Unlike some Arab powers that tried to dominate the region or become the Great Power, Saudis laid low while making lots of money. Gaddafi made big claims, so did Nasser. Hussein acted big.
Saudis, instead of acting big, remained very close to the biggest power, the US. Speak softly and stick with the guy with the big stick.

Shah of Iran was close to US and Israel too but he was too secular and western for many Iranians, and he lost legitimacy in the eyes of Iranians. Saudis, in contrast, bought off their version of the Ayatollah.

Saudis maintained the aura of Islamic piety and tradition, but they were relatively generous with the booty, assuring income and benefits for all Saudi citizens.

Saudi Royal family may be a bunch of jerks, but you gotta admit they were very skilled in balancing the forces and appeasing them enough to make them tolerable and be tolerated by them in return. The family won over the Wahabi clergy, the Americans, and Israelis. At the same time, it played host as center of Muslim world and gave generously to Arab causes to win 'street cred'.
All these things were contradictory and made enemies as well as friends, but the Saudis weathered the storm.

One thing for sure, Saudis never made a total alliance or set forth any clear regional agenda; rather it played many cards at once. Even its relationship with America is purely mercenary, so Saudis never feel obligated to do anything. Its relationship with the Wahabi clergy is cynical but enough to calm them.

Unlike other Middle East nations that went for greatness and fell flat on their faces, Saudis were more realistic in terms of their power and what they could do. More like Hyman Roth than Sollozzo the Turk or Sonny or Moe Green. Lay low and bide your time and make alliances and appease where you can.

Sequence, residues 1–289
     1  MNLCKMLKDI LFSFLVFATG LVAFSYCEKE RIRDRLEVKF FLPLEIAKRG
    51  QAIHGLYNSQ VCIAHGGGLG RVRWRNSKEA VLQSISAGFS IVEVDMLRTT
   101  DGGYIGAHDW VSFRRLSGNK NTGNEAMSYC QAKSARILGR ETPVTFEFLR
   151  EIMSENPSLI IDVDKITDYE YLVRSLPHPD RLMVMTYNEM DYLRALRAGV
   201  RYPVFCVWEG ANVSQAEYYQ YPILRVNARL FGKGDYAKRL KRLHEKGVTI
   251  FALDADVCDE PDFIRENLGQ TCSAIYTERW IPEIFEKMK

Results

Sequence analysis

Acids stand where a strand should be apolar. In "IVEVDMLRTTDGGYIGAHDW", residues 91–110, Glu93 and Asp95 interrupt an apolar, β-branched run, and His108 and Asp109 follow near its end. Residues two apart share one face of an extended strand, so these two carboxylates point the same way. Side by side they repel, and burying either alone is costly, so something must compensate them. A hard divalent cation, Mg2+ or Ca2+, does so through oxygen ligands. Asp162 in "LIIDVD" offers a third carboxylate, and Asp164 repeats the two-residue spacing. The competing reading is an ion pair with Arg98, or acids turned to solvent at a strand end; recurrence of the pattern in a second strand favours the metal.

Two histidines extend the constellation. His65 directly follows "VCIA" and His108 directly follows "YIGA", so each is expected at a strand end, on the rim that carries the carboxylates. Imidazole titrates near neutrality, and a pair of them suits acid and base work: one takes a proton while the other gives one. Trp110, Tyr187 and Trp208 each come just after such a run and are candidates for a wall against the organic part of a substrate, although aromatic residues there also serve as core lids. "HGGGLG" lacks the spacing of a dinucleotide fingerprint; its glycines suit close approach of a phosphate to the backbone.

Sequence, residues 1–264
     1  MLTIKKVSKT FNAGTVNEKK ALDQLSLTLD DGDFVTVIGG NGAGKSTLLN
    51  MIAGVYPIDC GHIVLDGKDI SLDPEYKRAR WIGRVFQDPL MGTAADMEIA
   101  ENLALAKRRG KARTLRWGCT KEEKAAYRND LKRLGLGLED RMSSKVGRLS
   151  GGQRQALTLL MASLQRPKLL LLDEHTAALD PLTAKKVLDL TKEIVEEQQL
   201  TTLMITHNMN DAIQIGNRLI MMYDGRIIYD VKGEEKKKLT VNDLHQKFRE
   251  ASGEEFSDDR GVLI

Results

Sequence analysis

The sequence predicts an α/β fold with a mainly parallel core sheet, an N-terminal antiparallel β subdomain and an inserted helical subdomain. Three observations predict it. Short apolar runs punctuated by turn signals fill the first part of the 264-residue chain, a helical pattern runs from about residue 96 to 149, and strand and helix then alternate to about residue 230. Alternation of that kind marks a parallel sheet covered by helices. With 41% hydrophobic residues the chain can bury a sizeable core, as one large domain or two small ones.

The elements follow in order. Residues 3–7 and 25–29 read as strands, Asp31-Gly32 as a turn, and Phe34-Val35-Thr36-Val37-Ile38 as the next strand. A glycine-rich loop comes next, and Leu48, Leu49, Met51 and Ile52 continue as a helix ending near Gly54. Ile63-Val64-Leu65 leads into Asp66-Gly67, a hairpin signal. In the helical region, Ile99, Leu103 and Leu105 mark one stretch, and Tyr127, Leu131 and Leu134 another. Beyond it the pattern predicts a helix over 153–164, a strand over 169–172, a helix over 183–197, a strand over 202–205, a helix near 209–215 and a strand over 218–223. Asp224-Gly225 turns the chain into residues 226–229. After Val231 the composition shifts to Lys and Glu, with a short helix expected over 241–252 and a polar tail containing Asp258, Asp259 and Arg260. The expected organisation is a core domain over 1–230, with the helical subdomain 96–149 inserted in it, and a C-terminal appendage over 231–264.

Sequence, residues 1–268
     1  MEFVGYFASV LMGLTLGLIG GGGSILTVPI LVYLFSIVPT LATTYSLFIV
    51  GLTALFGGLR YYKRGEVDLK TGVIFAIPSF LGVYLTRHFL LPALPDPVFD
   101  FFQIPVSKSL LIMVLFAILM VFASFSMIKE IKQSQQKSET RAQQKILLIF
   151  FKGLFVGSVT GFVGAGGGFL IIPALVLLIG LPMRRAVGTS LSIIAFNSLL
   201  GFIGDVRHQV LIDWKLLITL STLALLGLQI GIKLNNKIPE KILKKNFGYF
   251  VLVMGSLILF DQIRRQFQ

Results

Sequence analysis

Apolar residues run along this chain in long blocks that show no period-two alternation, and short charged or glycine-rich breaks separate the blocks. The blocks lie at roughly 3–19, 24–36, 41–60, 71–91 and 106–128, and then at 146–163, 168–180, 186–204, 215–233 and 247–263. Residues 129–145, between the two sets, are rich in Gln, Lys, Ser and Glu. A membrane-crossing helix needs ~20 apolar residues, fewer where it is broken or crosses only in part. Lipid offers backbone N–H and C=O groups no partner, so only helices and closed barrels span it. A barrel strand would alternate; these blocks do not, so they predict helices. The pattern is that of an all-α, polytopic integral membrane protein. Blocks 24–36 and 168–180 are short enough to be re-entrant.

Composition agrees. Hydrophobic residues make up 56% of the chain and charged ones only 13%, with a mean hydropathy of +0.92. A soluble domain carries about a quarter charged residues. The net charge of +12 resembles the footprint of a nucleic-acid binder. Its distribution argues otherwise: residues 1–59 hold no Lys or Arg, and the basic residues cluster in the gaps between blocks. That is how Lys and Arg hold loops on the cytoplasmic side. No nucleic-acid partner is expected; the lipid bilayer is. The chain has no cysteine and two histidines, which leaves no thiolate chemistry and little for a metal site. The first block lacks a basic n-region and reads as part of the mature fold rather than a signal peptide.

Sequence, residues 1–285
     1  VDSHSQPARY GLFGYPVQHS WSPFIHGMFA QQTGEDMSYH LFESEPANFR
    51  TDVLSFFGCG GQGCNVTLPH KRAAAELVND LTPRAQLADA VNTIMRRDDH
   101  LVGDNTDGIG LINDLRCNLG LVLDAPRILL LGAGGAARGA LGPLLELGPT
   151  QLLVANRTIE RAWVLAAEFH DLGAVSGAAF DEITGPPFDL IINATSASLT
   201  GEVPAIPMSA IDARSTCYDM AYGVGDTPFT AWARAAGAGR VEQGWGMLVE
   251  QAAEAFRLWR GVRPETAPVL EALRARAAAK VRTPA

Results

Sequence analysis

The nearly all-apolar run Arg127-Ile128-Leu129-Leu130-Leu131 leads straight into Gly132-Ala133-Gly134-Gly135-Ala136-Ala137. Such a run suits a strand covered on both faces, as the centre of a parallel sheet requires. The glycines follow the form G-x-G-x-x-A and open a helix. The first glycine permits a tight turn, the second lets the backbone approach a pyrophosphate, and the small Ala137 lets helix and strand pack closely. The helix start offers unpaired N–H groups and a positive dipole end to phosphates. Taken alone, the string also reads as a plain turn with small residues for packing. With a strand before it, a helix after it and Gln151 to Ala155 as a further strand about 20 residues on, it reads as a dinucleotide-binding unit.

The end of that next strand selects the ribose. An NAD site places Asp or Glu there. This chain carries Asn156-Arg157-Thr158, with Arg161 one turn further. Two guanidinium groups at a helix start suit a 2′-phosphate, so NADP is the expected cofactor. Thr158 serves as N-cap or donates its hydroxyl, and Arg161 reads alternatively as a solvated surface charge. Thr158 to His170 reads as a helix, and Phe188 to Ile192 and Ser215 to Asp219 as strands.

I guess Obama understands that trick too. In contrast, a lot of black leaders made it nowhere by being too loud and proud. Obama just played along with the Lib elites and let the Jews, homos, and white libs do all the financing and supporting for him. Get on the gravy train.

Anonymous said...

Toady Arabia

Anonymous said...

IN fact, the way of the Saudis has been like that of Western Europe(esp UK) and Japan after WWII. It pays to be America's poodle.

Germany is America's political bitch but can make lots of money.
UK lost its empire and status but as sidekick of US, it has remained a big player.

Anonymous said...

Was this post by any chance prompted by the pathetic week/decade Spain's royals are having? I don't think Juan Carlos ever had the brainstorm of getting a controlling share in Georgetown University.

t said...

Hey Steve, What's this guy's story? I'm guessing Ethiopian.

http://www.reuters.com/article/2014/01/09/us-sac-martoma-harvard-idUSBREA081C720140109

Anonymous said...

Isn't one of Saudi Arabia's secrets that practically everyone is a member of the ruling family, at least indirectly?

So all the women really are princesses. And somehow they have the bank accounts to go along with it. Men surely have to spend all their time driving them around to shop. Things could be worse.

Mountain Maven said...

This is a problem we can frack our way out of.

5371 said...

Saudi fertility has probably not declined at all, the figures published in some standard sources are, as for much of the world, free invention.

Rifleman said...

By exporting their dangerous young men, the Saudis rid themselves of a potential troublemaker while creating a huge amount of pain for the people who live wherever those men end up.

African tribal kings did this for about 400 years.

"Dean of Harvard Law School Elena Kagan, for one, was instrumental in establishing the Saudi funded Sharia Law chair at Harvard"

The capitalist really will sell you the rope you're going to hang him with, as Lenin said, eh?


That's because the Cultural Capitalists dominate the media, academia and government policy.

CULTURAL CAPITALISM, kids. Always keep that in mind.

Anonymous said...

What is the Saudi's secret?

The keep Saudi citizenship to themselves.